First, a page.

Research Report 2019_20

Jane Grimwood, PhD & Jeremy Schmutz / HudsonAlpha Genome Sequencing Center

Because of its hybrid origin, A. hypogaea has a poly- ploid genome, carrying two separate genomes from its ancestral “parents”, referred to as the A and B subge- nomes. Although peanuts have been cultivated for thou- sands of years, relatively little was known about their complex genetic structure until recently. The A and B subgenomes were previously deter- mined to have more than 98 percent DNA identity be- tween corresponding genes. Because of this similarity, the research team decided to use longer read data ob- tained using PacBio technology to construct the pea- nut genome. The published, high-quality reference se- quence makes it easier to trace the history of the crop and breed peanuts for desirable traits like resistance to diseases and pests that may have been lost over time. The study also proves the usefulness of long-read sequencing in agricultural genomics. The A. hypogaea reference genome has already contributed to several interesting discoveries about the peanut. First, researchers determined the geograph- ic origin of A. duranensis , one of the two “parents” of A. hypogaea . In addition, by recreating the genomic merger of the two ancient peanuts species, the researchers also discovered an interesting pattern of DNA swapping and deletions taking place in the offspring plants that likely explains the diverse seed size, shape, color and other traits seen in commercial peanuts today.

shattering gene variant could be targeted as a mecha- nism to turn off shattering in other plants, thus improv- ing their yield. Using a model organism such as S. viridi s to find genes linked to beneficial traits is a promising method of improving crop domestication. Climate change and environmental conditions can greatly influence the success of a crop harvest. Oftentimes, crops domesticated in one geographic loca- tion have vastly different traits than those domesticat- ed elsewhere. One such crop, called switchgrass, is a promising biofuel candidate that exists in several variet- ies adapted to different geographic regions. For exam- ple, the southern lowland switchgrass grow quickly and are tall and thick-stemmed, while the northern upland switchgrass are short and thin-stemmed. The southern switchgrass is the most desirable for biofuel because they produce the most biomass per plant. However, this variety will not survive well in northern climates. Researchers desire to create a switchgrass plant variety that produces the biomass of the southern variety but can thrive in northern climates. In order to determine what genetic loci cause differences between the two varieties, the group took advantage of community switchgrass gardens across the United States 4 . They produced hybrid plants rep- resenting a cross between the southern and northern varieties, and planted them at established community gardens in 10 different field sites across multiple states on a north-south gradient. Having the same plants growing at these community gardens allowed research- ers to consider how the plant’s genes interact with the environment, and look at the genes involved in specif- ic fitness traits such as biomass production and cold tolerance. Results from these large-scale field tests conducted over two years reveal fewer tradeoffs in plant fitness and adaptation than expected. Locally advantageous alleles could potential- ly be combined across multiple loci through breeding to create high-yielding regionally adapted plants. By field-testing the adaptability of switchgrass hybrids in a wide range of environmental conditions, researchers hope to eventually develop a “generalist” switchgrass that would thrive and produce high levels of biomass in various regions. As exemplified here, a central goal of Grimwood and Schmutz’s research is to use genomics to improve crops for use as food, energy, and fiber. They are con- stantly asking ‘How do we apply what we have learned from sequencing hundreds of plant genomes to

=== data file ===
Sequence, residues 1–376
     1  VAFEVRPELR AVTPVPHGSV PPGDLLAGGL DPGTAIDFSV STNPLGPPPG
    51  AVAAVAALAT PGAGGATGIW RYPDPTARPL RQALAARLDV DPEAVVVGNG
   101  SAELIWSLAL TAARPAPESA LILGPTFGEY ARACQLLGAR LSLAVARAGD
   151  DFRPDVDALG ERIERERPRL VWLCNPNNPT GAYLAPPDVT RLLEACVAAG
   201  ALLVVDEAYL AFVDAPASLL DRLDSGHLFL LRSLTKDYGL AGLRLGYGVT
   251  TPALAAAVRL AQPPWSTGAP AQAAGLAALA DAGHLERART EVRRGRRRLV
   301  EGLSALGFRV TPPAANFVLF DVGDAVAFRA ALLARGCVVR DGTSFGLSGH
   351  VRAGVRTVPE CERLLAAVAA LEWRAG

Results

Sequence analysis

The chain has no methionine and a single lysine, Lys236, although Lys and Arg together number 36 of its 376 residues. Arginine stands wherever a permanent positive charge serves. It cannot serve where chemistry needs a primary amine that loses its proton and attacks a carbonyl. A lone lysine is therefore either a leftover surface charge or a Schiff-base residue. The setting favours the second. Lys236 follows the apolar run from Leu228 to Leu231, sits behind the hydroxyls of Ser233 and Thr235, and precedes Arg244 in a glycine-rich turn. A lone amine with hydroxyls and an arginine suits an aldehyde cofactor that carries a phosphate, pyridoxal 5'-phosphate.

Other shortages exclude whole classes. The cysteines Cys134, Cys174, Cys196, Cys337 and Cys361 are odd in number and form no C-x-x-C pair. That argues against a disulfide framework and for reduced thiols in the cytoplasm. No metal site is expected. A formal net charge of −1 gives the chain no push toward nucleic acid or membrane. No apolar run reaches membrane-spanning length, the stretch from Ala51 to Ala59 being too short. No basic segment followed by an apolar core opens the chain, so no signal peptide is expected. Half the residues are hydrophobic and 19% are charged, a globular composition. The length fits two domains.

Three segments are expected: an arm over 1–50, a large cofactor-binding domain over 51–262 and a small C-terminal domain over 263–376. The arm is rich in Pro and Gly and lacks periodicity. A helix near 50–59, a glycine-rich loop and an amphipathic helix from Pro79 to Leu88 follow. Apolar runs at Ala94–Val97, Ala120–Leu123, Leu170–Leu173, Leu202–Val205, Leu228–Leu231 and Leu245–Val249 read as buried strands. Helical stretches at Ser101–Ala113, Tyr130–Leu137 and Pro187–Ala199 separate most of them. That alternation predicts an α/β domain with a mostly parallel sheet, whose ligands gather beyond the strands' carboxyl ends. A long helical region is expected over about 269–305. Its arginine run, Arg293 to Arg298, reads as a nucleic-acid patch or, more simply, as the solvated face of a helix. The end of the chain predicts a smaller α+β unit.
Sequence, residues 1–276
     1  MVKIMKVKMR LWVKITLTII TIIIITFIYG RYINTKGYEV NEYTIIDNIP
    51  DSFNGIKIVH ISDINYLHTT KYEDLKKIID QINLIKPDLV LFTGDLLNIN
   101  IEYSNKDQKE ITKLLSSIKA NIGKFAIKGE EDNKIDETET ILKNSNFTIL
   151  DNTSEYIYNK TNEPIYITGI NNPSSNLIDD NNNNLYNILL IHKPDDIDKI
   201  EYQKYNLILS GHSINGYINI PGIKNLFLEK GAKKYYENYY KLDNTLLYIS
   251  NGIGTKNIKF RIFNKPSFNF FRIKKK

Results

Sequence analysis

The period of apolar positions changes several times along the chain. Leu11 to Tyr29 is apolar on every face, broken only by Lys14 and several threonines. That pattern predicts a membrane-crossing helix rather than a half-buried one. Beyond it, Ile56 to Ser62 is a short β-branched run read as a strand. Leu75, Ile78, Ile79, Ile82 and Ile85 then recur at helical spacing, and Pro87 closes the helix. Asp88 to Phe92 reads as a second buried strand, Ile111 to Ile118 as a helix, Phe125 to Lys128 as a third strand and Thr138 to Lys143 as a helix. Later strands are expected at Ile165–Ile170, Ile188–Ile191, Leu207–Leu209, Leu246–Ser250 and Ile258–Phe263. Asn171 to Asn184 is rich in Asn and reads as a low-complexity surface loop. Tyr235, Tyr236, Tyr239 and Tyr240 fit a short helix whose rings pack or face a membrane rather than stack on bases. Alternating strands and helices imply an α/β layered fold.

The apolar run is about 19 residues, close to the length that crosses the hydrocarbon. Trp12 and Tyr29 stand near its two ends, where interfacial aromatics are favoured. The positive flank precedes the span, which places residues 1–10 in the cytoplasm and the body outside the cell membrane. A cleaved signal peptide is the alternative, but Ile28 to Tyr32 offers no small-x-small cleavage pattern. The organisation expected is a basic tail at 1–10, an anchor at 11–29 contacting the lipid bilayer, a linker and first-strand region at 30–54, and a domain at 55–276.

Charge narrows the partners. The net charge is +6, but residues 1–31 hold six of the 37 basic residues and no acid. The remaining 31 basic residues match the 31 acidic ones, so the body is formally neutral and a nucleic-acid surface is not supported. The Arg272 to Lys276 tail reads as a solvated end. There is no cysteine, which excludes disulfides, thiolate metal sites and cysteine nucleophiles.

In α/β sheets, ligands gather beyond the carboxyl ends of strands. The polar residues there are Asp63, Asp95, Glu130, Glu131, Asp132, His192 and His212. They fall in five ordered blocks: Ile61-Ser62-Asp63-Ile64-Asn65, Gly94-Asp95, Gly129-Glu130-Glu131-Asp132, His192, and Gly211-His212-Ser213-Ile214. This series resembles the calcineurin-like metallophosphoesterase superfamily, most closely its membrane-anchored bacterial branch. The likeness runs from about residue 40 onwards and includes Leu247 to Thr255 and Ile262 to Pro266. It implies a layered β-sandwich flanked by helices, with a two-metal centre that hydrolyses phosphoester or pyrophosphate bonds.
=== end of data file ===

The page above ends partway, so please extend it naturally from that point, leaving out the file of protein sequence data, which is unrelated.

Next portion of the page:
Setaria viridis grass

Through the assembly of a high-quality reference genome for the grass Setaria viridis , Grimwood, Schmutz, and colleagues identified a gene related to seed disper- sal in wild plant populations for the first time 3 . They generated genome sequences for nearly 600 S. viridis plants to create the reference genome sequence. Asso- ciation mapping led the team to identify a gene called Less Shattering 1 ( SvLes1 ) which is involved in a process called shattering, or seed dispersal. Shattering is crit- ical for plants in the wild to create offspring, but it is an undesirable trait for domesticated crops because it leads to reduced harvest yields. This newly discovered


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